In June of 2006, Dr. Richard Pratt, formerly of RTS-Orlando, and now fulltime with “Third Millennium Ministries,” a wonderful organization he founded, gave an address at the PCA General Assembly. I was not present, but, being a ruling elder in the PCA myself, I was quickly apprised of the event.
Although Pratt (the last name is used throughout for convenience, not a sign of disrespect) nowhere mentions my name specifically, and in fact goes out of his way to refer to “those in our circles” and similar such phrases, it is quite clear to me and others who have either read or heard the lecture, that my book (Inspiration and Incarnation: Evangelicals and the Problem of the Old Testament, Baker Academic, 2005 [hereinafter I&I]) was very much his foil. The topics covered, not to mention some of the very phrasing of the lecture, are very similar to I&I, and so there is little doubt in my mind that I&I was prominently, if not predominantly, on his mind. He mentions at the outset that this topic was assigned to him, although it is not clear by whom, or what the parameters of the assignment were.
Since the lecture was first given, a good number of people in the PCA have approached me asking if I planned to respond. Initially I had no interest in doing so, but the intervening months have led me to a different conclusion. I respect Pratt tremendously, and nothing in my subsequent comments should be interpreted otherwise, but his argument is, in my view, very helpful as a way forward in current debates. His understanding of the nature and task of biblical scholarship, his particular understanding of the role of WCF (Westminster Confession of Faith), esp. chapter 1, in adjudicating issues raised in modern scholarship, not to mention the rhetorical dimension of giving a talk such as this in a potentially divisive environment, all leave me somewhat concerned, and I feel direct interaction is appropriate.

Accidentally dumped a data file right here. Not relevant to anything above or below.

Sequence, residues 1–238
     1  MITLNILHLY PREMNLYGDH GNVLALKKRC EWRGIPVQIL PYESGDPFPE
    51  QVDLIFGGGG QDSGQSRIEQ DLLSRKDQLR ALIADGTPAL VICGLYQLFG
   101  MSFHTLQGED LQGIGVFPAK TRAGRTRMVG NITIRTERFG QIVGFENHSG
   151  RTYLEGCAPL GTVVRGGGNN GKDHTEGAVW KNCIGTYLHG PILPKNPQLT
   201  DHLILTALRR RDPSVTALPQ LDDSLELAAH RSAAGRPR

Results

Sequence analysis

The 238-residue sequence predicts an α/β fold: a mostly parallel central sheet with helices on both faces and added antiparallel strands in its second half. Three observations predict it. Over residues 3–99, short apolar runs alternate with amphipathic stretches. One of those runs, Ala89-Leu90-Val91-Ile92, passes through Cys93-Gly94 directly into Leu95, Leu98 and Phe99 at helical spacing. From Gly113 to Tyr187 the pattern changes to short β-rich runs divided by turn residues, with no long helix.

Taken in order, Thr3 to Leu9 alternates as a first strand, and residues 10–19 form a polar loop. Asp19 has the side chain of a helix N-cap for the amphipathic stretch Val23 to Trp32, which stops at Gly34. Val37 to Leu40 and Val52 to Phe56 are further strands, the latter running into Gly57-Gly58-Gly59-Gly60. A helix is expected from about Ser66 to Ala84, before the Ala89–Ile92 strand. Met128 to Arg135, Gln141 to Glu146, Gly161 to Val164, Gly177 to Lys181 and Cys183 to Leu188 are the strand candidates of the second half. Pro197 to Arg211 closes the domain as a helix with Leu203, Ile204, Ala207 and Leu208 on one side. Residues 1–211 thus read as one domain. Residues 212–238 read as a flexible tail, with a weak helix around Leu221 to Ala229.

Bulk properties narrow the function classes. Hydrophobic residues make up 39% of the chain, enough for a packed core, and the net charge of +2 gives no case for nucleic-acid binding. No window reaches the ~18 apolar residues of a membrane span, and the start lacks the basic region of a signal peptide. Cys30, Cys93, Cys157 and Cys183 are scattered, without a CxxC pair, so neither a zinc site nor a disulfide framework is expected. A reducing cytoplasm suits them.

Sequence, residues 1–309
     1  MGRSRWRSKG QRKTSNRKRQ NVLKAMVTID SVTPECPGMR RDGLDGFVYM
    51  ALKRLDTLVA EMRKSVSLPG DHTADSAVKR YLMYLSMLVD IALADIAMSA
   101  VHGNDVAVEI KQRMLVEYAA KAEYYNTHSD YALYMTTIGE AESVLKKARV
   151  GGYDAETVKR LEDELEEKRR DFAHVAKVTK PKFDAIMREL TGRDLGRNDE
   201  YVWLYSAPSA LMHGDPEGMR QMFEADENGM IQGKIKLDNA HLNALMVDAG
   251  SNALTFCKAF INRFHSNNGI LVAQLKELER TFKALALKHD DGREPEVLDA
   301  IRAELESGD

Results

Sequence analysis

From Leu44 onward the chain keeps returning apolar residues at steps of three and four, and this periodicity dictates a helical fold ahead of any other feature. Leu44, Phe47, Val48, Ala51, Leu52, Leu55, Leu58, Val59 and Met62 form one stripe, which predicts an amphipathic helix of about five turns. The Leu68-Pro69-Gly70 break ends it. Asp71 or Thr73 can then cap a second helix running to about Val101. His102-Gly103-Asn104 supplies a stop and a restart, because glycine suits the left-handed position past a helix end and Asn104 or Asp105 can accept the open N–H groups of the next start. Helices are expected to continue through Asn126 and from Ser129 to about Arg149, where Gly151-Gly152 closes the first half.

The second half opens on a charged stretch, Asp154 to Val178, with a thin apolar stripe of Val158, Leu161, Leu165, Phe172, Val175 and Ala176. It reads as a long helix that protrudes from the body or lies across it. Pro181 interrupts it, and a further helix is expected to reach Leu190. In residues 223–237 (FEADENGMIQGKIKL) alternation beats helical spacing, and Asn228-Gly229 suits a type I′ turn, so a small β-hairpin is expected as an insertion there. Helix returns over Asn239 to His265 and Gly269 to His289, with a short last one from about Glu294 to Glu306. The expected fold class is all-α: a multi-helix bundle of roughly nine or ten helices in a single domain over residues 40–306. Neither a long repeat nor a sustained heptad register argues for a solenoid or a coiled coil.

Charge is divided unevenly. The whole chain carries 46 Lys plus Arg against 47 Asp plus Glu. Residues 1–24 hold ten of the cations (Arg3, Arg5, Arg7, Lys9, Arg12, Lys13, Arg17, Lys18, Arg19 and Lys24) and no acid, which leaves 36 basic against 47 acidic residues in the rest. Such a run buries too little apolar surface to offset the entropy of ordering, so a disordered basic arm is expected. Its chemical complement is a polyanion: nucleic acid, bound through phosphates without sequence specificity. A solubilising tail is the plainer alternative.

As you will see, my comments are not in the form of a traditional “response.” Rather, I have reproduced Pratt’s lecture (as found here) and interspersed it with some of my reactions, counterpoints, etc., bracketed and in red. I trust this presentation style will not prove too annoying, especially since I often “interrupt” Pratt in mid-sentence. Also, readers will likely find that I have repeated a point here and there. I have tried to avoid such repetition, but it is prompted by the repetitions in Pratt’s lecture. Despite the problems, I have taken this approach because I am committed, as much as circumstances will allow, to try to model a more conversational approach to airing theological differences. A “response” connotes finality, at least it does to me, and I do not wish to communicate such a posture.
Let me also add that I have benefited from Pratt’s work in the past; indirectly through his students, directly through some brief conversations we have had over the years, and through his book He Gave Us Stories, which I still recommend and will continue to do so. I must state, however, that I am having trouble finding on the pages of this lecture the Pratt I thought I knew. Perhaps that is wholly a matter of my dull perception, but this is a bit disappointing to me. At many junctures I simply stopped reading and thought to myself “he can’t possibly mean this,” or “surely he must understand the implications of what he is saying here.” Perhaps, then, readers of this exchange can understand what is a tone of exasperation and frustration at various junctures in my comments. I do not want to exacerbate a conflict, but I am truly miffed at certain points in this lecture how a man of Pratt’s experience can present the issues in the way he does.
My aim here is to state as plainly as I can what my disagreements are, neither making insinuations nor veiled accusations. Where I might express a tone of exasperation or frustration, I ask that readers not interpret this as a rhetorical move but as an honest expression of my thoughts.
I have no doubt that Pratt feels strongly about what he presents here as vital to the future of the Reformed faith. So do I. Having strong opinions, however, does not define truth. My hope is that people with similar concerns, on both sides of the debate, might benefit, if even in some small way, from the exchange below.
Peter Enns, November 2007
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